Franklin D. Roosevelt: American Hero
Polio. World War II. The New Deal. These are the things that first come to mind when one thinks of Franklin Delano Roosevelt, especially if Wikipedia is down and one hasn’t studied Roosevelt since the second grade. However, the life and times of President Roosevelt were much more complex than these gross generalizations. In fact, Roosevelt’s life was so complex that most of the details of his presidency will need to be skipped.
Franklin Delano Roosevelt was born in the late 19th century, probably, to his parents. When he was a young boy, he would play stick ball with his schoolyard chums, who affectionately called him “Franklin” or “Frankie” or possibly “Frank.” Roosevelt lived a happy childhood, filled with horse-and-buggies and speakeasies and casual racism towards the Irish, until the Titanic sank. Historians no longer know exactly when the great ship sank, but they do know that on that day, Roosevelt swore vengeance on the Germans who had caused the accident.
Not much happened for the next 20-30 years. However, during that time, Roosevelt developed a memorable, distinctive personality. He disliked waking up early. He liked food. He enjoyed sitting, unless he had been sitting for too long, in which case he enjoyed standing. His hands felt weird whenever he wore gloves for a long time. Some historians and college professors may dispute these facts, but it is impossible to prove that Roosevelt didn’t have these traits.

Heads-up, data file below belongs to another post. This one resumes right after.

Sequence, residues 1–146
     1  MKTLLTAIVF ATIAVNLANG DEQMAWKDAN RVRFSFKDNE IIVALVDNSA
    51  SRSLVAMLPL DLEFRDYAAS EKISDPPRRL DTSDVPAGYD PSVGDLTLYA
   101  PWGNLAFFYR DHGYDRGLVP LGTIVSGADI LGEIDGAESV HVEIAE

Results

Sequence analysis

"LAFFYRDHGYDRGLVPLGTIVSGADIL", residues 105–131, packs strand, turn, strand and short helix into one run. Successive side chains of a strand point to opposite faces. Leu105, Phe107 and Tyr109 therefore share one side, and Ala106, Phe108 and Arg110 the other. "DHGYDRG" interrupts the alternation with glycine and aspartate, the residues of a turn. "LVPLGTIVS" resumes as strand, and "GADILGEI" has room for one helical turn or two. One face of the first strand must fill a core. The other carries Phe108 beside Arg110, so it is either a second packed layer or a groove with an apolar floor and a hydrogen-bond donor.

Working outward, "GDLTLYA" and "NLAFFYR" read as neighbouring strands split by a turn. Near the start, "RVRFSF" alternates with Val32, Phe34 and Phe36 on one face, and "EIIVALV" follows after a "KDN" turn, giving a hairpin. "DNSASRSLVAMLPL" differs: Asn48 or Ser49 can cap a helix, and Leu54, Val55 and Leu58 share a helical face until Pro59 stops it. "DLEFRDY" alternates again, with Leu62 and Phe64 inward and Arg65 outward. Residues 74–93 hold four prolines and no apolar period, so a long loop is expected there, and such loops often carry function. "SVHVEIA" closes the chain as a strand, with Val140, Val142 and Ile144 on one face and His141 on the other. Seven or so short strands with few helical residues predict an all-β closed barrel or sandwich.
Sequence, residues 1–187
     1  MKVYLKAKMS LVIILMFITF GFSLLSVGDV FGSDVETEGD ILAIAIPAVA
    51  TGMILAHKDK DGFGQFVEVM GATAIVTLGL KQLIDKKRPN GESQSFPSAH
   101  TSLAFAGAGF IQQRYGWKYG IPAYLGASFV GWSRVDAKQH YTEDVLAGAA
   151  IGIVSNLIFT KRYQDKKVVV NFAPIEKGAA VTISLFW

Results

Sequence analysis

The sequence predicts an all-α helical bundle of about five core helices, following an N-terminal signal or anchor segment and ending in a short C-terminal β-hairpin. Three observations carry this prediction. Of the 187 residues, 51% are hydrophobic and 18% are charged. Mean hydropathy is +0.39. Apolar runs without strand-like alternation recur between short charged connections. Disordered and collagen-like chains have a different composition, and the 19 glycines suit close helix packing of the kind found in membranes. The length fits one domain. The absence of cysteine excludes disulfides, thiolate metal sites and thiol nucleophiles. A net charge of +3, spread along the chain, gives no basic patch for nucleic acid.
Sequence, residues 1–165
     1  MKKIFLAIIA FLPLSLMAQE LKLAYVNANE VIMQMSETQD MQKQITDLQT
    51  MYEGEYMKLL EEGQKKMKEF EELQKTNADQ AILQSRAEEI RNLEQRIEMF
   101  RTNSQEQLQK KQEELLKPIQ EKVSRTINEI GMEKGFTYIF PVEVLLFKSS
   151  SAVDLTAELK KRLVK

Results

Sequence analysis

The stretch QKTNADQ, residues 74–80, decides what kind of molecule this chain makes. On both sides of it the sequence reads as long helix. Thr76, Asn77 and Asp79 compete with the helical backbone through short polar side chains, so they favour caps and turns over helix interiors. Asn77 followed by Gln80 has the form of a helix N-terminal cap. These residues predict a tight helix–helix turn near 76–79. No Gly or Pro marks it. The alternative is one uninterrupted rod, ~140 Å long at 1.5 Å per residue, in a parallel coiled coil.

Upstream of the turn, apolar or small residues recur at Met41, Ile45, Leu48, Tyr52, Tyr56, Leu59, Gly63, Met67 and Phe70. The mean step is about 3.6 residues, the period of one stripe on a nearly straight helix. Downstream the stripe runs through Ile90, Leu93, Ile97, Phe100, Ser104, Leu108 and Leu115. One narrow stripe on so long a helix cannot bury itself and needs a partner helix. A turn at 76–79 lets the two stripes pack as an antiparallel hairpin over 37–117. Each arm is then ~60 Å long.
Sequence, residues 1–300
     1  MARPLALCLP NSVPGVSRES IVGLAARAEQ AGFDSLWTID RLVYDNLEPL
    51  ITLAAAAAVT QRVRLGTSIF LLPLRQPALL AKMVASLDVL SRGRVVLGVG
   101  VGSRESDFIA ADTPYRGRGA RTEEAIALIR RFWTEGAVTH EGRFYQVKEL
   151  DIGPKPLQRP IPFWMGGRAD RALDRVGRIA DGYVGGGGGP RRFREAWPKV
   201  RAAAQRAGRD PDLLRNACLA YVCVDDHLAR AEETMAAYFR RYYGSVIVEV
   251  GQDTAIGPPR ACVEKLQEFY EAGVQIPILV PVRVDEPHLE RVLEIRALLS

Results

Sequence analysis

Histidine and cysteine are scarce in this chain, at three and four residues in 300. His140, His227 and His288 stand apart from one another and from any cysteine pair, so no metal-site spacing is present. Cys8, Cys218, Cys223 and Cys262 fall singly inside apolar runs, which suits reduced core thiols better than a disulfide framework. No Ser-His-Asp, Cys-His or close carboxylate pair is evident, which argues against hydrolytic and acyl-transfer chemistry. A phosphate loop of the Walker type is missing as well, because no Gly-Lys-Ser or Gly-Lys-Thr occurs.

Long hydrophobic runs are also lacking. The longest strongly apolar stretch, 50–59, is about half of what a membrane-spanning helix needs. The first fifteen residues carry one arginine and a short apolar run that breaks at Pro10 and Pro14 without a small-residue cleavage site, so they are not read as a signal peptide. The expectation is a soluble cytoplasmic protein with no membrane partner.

Roosevelt soon moved into politics, and before Herbert Hoover could even finish building his eponymous dam, FDR was in the White House. However, disaster soon struck; Roosevelt contracted polio in the first or maybe second year of his presidency. Ironically, the man who was once known for his love of sitting would now be forced to permanently use a wheelchair.
Roosevelt did not let his disease get him down, though. With his loving wife Eleanor at his side, Roosevelt helped put an end to America’s general malaise, also known as the Great Depression. According to my grandfather, a noted historian at Gopal University of North Jersey, “The Depression was terrible times. I remember, one hot day at the factory, my boss screamed at me because I hadn’t learned to read yet. I was four years old at the time.” Roosevelt ended this Depression by creating Social Security and Medicare, fiscally sustainable ways of improving the economy.
Time passed, and on December 7th of a specific year in the 1940s, Pearl Harbor was bombed by the “Goddamn Japs” (Grandpa 2007). The details of World War II have been covered by numerous historians, so they do not need to be rehashed here. Suffice to say that, by the end of the war, FDR had played an integral part in defeating “those stinking Krauts, dag nabbit” (Grandpa 2011).
Later, FDR died from complications of being old. He was somewhere around seventy years old.